PORTLAND — In a surprise announcement, moderate GOP Sen. Olympia Snowe said Tuesday she would abandon her campaign for a fourth term — a contest she was expected to win easily — because she is frustrated by a polarized atmosphere in Washington.
The move dealt an immediate blow to Republicans hoping to take control of the Senate in November and gave Democrats new hope of winning the longtime GOP-held seat.
“As I have long said, what motivates me is producing results for those who have entrusted me to be their voice and their champion, and I am filled with that same sense of responsibility today as I was on my first day in the Maine House of Representatives,” Snowe said in a statement. “I do find it frustrating, however, that an atmosphere of polarization and ‘my way or the highway’ ideologies has become pervasive in campaigns and in our governing institutions.”
The news came as a surprise to officials in both national parties. Snowe, 65, is in good health and for months had been laying the groundwork for a strong re-election effort, putting together a campaign team, keeping a busy schedule of events in the state and raising campaign money. She had more than $3.3 million in her campaign account at the end of last year, her last campaign finance report showed.
She spent more than a year working to beat back a tea party challenge, shifting her positions to the right in some cases and spending considerable time allaying the concerns of conservatives in Maine.
Snowe earned a reputation as an independent voice in her 33 years in Congress, but was frustrated by the sharp partisanship and gridlock that has come to characterize the upper chamber recently. She was the only Republican who voted for a version of President Barack Obama’s health care overhaul, joining Democrats and casting a vote for the plan in the Senate Finance Committee. She came under intense criticism from conservatives, even after she voted with the GOP to oppose the final legislation.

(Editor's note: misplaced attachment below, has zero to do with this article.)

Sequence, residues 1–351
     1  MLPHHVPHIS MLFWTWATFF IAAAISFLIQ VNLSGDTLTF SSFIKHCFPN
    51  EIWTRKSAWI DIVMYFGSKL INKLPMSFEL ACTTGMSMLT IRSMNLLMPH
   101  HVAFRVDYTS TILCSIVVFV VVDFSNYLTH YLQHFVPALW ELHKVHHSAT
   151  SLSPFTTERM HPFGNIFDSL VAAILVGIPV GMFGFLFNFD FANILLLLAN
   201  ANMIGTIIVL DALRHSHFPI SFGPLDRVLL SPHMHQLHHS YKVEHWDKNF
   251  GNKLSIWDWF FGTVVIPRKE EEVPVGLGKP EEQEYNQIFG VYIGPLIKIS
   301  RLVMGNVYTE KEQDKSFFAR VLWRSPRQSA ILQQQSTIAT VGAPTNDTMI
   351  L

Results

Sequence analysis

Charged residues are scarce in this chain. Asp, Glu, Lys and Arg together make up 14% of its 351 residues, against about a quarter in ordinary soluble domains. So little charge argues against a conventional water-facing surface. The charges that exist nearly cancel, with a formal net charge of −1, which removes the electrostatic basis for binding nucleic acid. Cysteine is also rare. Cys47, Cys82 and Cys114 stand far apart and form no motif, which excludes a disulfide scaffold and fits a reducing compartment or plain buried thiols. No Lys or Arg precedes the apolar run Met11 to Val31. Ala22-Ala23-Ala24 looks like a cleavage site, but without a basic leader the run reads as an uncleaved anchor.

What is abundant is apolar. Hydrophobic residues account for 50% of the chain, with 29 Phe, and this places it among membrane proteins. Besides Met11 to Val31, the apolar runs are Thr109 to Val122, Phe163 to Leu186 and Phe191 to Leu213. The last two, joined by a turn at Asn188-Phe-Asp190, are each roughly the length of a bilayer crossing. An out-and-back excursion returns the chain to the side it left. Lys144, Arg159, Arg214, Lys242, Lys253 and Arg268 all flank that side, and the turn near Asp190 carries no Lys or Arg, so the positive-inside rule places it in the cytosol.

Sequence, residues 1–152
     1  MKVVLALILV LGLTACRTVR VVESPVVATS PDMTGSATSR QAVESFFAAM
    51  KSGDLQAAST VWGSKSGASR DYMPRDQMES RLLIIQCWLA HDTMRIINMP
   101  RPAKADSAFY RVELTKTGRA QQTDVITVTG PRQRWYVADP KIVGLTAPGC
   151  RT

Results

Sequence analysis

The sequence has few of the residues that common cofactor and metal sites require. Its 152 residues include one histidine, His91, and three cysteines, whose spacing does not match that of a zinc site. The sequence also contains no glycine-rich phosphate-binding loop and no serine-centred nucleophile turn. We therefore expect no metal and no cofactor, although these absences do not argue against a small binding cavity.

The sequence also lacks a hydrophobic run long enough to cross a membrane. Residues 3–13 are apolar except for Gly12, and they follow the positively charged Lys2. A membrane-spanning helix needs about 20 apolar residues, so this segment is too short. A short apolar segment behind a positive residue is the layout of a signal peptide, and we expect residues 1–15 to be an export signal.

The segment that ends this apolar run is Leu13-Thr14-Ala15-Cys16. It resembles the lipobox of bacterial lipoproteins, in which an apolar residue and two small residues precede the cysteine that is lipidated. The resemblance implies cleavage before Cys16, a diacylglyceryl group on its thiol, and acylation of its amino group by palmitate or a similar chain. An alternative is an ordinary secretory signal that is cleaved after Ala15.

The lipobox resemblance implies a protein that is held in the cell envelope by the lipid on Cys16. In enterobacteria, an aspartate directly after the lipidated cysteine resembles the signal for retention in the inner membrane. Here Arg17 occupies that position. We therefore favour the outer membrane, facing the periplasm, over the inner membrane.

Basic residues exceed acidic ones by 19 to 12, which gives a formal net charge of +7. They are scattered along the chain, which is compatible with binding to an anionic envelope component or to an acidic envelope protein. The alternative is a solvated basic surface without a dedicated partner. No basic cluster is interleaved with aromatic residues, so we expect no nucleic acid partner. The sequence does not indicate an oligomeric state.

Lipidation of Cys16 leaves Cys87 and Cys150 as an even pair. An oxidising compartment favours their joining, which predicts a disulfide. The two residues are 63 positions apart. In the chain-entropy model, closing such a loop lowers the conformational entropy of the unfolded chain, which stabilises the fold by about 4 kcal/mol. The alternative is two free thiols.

Snowe epitomized the Northeast centrist Republican, a rare breed in a Senate increasingly dominated by Southern Republicans.
“She comes from a line of moderate Republicans from John Chafee to John Heinz that made really working across the aisle a virtue,” said Sen. John Kerry, D-Mass. “It’s been really sad to see that virtue derided in so many Republican primaries the last couple years.”
Obama said that in her many years in office, she has shown what can be done when both parties work together.
“From her unwavering support for our troops, to her efforts to reform Wall Street, to fighting for Maine’s small businesses, Senator Snowe’s career demonstrates how much can be accomplished when leaders from both parties come together to do the right thing for the American people,” the president said.
Republican Sen. Scott Brown of Massachusetts called Snowe a voice of reason in the Senate.
“We all are going to miss her independence and her ability to build bridges on some of the toughest issues,” he said.
Snowe’s fellow Republican senator and centrist, Susan Collins of Maine, said she was surprised and devastated by the announcement.
“Nobody can replace Olympia in the Senate,” she said. “It’s going to be a real void.”